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Universal Preschool: Much to Gain But Who Will Pay? By Scott Scrivner, Public/Private Ventures, and Barbara Wolfe, University of Wisconsin. Prepared for the Foundation for Child Development. (The Foundation, New York, New York) October 2002. 53 p.

Full Text at: www.ffcd.org/pdfs/wolfe.pdf

["This paper begins with the assumption that children across the full spectrum of family income, family composition, and prior experience with child care would gain from being in a well-implemented preschool at ages three and four, then focuses on finding a feasible way to finance universal preschool. As such, the target is the financing of universal preschool for children of age four. If successful, such a plan could eventually be extended to three-year-olds."]

[Request #S7371]

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Child-Parent Centers. By the Promising Practices Network on Children, Families, and Communities. (RAND, Santa Monica, California) 2003. 9 p.

Full Text at: www.promisingpractices.net/contact.asp

["The Child-Parent Centers program provides a school-based, stable learning environment for children in preschool through third grade and encourages active parental involvement to achieve positive results in a variety of areas. Improvements were found in areas of standardized testing, grade retention, remedial services, delinquent behavior, and more."]

[Request #S7372]

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"Cross-Sectoral Co-ordination in Early Childhood: Some Lessons to Learn." By the Early Childhood and Education Section, UNESCO. IN: UNESCO Policy Briefs on Early Childhood, no. 9 (January 2003) 2 p.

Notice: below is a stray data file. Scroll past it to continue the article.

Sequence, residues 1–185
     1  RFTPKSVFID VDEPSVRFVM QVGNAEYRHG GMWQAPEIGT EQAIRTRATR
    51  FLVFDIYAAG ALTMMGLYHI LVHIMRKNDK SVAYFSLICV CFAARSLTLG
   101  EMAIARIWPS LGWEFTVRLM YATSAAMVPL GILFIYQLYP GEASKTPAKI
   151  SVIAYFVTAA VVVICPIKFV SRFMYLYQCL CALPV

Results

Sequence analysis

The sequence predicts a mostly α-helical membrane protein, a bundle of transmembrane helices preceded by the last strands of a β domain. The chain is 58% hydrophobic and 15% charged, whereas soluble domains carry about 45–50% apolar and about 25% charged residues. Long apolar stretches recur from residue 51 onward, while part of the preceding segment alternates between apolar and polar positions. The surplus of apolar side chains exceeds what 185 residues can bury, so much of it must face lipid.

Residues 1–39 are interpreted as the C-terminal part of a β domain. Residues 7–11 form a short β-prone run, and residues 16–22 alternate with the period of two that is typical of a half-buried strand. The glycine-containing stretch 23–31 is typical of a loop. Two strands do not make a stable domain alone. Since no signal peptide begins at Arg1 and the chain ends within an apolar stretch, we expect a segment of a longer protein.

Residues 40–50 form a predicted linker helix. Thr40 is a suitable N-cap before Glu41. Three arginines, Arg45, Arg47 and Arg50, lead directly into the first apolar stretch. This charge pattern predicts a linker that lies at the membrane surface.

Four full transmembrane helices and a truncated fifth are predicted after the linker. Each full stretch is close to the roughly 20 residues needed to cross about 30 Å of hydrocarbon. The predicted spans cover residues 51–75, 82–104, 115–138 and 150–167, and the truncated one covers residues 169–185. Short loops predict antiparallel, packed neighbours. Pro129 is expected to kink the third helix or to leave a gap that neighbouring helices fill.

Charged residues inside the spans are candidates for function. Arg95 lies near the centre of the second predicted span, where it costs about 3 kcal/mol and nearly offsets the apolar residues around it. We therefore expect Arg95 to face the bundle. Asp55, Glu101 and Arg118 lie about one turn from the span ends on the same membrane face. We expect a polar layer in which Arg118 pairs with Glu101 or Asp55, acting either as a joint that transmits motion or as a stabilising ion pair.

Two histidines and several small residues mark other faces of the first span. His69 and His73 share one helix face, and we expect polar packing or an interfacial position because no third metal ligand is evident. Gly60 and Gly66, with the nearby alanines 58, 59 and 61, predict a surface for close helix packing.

Full Text at: www.unesco.org/education/educprog/ecf/pdf/brief9en.pdf

["This brief explores the importance of coordinating health services and early childhood services. It also presents the elements of successful co-ordination." Exchange Everyday (February 23, 2003).]

[Request #S7373]

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Transitions in the Early Years: Debating Continuity and Progression for Young Children in Early Education. By Hilary Fabian and Aling-Wendy Dunlop. (RoutledgeFalmer, New York, New York) 2002. 163 p.

[Includes: "From Home to Childcare: Challenges for Mothers, Teachers and Children"; "Co-Constructing Transition into Kindergarten and School by Children, Parents, and Teachers" and others. NOTE: Transitions in Early Education ... is available for 3-day loan.]

[Request #S7374]

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All Children Ready for School: The Case for Early Care and Education: A Guide for Policy Makers. By Janet M. Gruendel and others, Connecticut Voices for Children. (Connecticut Voices, New Haven, Connecticut) February 2003. 30 p.

Full Text at: info.med.yale.edu/chldstdy/CTvoices/kidslink/kidslink2/reports/PDFs/ResourceChallenges.PDF

["The report reviews the literature, provides "10-fast facts" on early care and education for Connecticut, outlines a series of goal statements and action items, and develops several legislative recommendations. The report also presents a set of guiding principles to consider." Ece-List (February 24, 2003).]

[Request #S7375]

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EDUCATIONAL RESEARCH

Teaching 4- to 8- Year-Olds: Literacy, Math, Multiculturalism, and Classroom Community. By Carollee Howes. (Paul H. Brookes Publishing, Baltimore, Maryland) 2003. 184 p.

[Includes: "Creating Community-Oriented Classrooms: Nurturing Development and Learning;" "Early Literacy for Young Children and English-Language Learners;" "Classroom Practices the Support Children's Mathematical Ideas;" and others. NOTE: Teaching 4- to 8- Year-Olds ... is available for 3-day loan.]